Feelings Before Facts

Elephants hiding in East Africa?
This article appeared in Vol. 11, No. 5 - 2014


Elephants hiding in East Africa? Conspiracy theories and stories of ‘rivers of oil’ beneath East Africa endure.

The discovery of hydrocarbons can be a wonderful bonus to a country, or a mixed blessing - or in some cases, the root of decades of fighting and war. For 27 long years Angolans, for example, fought a bloody civil war, fuelled by revenues from oil, conveniently located offshore and therefore accessible to foreign companies without them having to set foot in the war-ravaged country. With peace, production increased, and now the country produces about 1.7 MMboepd: yet about 35% of the population still lives below the poverty line.

Undeterred, the craving for oil wealth and the desire to be ‘the next Norway’ continue unabated. As do high community expectations in many countries, surrounded by myths about local oil riches. This is particularly true in East Africa, where recent discoveries have fuelled long-held beliefs that the region is rich in oil and gas reserves, the knowledge of which has been reputedly suppressed by companies and oil-rich Arab countries. The fact that the majority of the recent discoveries have not been in areas which have historically seen most exploration seems to slip past unnoticed; the myth of riches and conspiracies is far more attractive. These misconceptions help fuel local disagreements and underwrite regional armed conflicts, as seen in much of the Horn of Africa.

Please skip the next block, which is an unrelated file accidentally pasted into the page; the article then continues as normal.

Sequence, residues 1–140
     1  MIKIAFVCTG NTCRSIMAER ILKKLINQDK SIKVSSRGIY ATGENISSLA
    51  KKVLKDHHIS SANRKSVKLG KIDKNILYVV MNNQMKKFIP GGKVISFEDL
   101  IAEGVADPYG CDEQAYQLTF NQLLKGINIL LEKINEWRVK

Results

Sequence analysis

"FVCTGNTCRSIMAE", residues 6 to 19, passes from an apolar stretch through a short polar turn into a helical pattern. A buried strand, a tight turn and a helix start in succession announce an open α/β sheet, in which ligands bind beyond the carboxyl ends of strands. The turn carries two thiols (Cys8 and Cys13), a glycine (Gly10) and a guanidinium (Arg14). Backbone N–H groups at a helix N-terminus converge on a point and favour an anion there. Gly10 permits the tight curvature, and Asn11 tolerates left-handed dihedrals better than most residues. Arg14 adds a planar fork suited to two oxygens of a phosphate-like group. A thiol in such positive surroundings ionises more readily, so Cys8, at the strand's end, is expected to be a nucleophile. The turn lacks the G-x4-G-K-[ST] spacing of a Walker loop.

Africa does not have a monopoly on conspiracy theories. In September, the Scots decided in a closely fought and sometimes contentious referendum to remain part of the United Kingdom – and immediately social media were awash with talks of a rigged election. The London government, it was said, had made sure the pro-independence movement lost the vote because there had been a recent discovery of a giant field off Scotland – news that would be suppressed until after the referendum. Interestingly, 45% of Scots voted for independence, and in a poll just before the election 42% of voters said they thought the government was probably covering up a secret oilfield near Shetland. There is no evidence for this discovery or its concealment, but as so often with these ‘urban myths’, many people prefer to put their feelings before the facts.

Of course, there is also no evidence that the story was not covered up, which is why conspiracy theories and stories of ‘rivers of oil’ beneath East Africa endure.

Jane Whaley


Gloucestershire, UK

October, 2014.


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